In summary:

So much for the facts. I would encourage all backers of this Kickstarter to consider the information I have provided carefully as they decide whether to support this Kickstarter. I’ve been working as a game developer continuously for the last 30 years, I’ve worked on many major software titles, have a good reputation in the industry and have no personal motivation to misrepresent this situation.


Posted by Steve Wetherill in Retro, Sinclair, Spectrum, 1 comment

Spectaculator for Android now available!

As the title says, Spectaculator, the leading Sinclair Spectrum emulator for PC and iOS, is now available for Android devices.

This also means that for the first time ever, the Odin Computer Graphics catalog is now officially available for Android!

Click the image below for the Spectaculator for Android on Google Play:

Posted by Steve Wetherill in Retro, Sinclair, Spectrum, 0 comments

Odin Computer Graphics Anthology available for Spectaculator on iOS!

I’m pleased to announce that the “Odin Computer Graphics Anthology” is now available for in-app purchase on the iOS version of Spectaculator – the leading Spectrum emulator for iOS (and Windows). The following games are included:

  • The Arc Of Yesod (1985)
  • Crosswize (1988)
  • Heartland (1986)
  • Hypaball (1986)
  • I.C.U.P.S. (1986)
  • Nodes Of Yesod (1985)
  • The Plot (1988)
  • Robin Of The Wood (1985)
  • Sidewize (1987)

Hop on over to Spectaculator.com now and check it out!

Posted by Steve Wetherill in Retro, Sinclair, Spectrum, 0 comments

Jet Set Willy: The Final Frontier, the music

A couple of items of trivia about the music in “Jet Set Willy: The Final Frontier” for Amstrad CPC.

Title Screen Music

The title screen music is of course Beethoven’s Moonlight Sonata. I wrote the music player for the game, and sourced the actual music data from the C64 version of the game (which had a nice 3 channel rendition of the tune). Since I never had any contact with the programmer of the C64 version of the game, I sat down one (long) night (while housemates Stoo and Marc went down the pub) with a hex dump utility, a pre-release copy of the C64 game, and a Casio MT30 keyboard (I loved that keyboard!). I spent hours poring over the hex data looking for a byte sequence that resembled the distinctive triplet that begins the Moonlight Sonata, playing the note offsets on the MT30. Eventually, I found the right sequence of bytes, for all three audio channels (and figured out how note duration was encoded), and dumped the data over to the Amstrad. After hours of monkeying around, I eventually had the whole tune playing (in full three-channel, square wave glory on the Amstrad CPC’s General Instrument AY-3-8912 sound chip)!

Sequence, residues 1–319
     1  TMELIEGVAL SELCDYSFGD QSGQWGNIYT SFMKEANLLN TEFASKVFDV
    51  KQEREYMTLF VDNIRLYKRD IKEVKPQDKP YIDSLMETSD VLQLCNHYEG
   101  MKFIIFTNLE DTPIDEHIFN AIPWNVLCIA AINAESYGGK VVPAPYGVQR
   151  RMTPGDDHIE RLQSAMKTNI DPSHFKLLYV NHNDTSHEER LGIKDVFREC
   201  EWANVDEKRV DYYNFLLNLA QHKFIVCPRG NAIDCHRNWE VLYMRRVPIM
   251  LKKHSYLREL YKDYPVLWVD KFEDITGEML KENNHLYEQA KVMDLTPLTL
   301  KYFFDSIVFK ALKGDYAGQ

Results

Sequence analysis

It turned out … OK, here’s a rendition courtesy of a dedicated YouTuber:

In-Game Music

The in-game music for the original Spectrum version of Jet Set Willy was “If I Were A Rich Man” from the movie “Fiddler on the Roof”. For whatever reason (word had it that publisher Software Projects ran into rights issues), new music was needed and so I came up with a catchy (if not … repetitive) little ditty, composed 2-finger style (and transposed by hand) on my trusty MT30. This tune (which was the first original music I had written for a game) can be heard here (again courtesy of a dedicated YouTuber):

This (untitled) tune is a 2-channel composition, so that the third sound channel on the Amstrad CPC’s AY sound chip could be used for game sound effects.

Posted by Steve Wetherill in Amstrad, CPC 464, Music, Retro, Sinclair, Spectrum, 1 comment

…. and we’re back (with comments on Jet Set Willy 2)

I haven’t been active around here for a bit, but I felt motivated to write after reading Julian Wiseman’s “Jet Set Willy 2” page, and exchanging correspondance with Julian.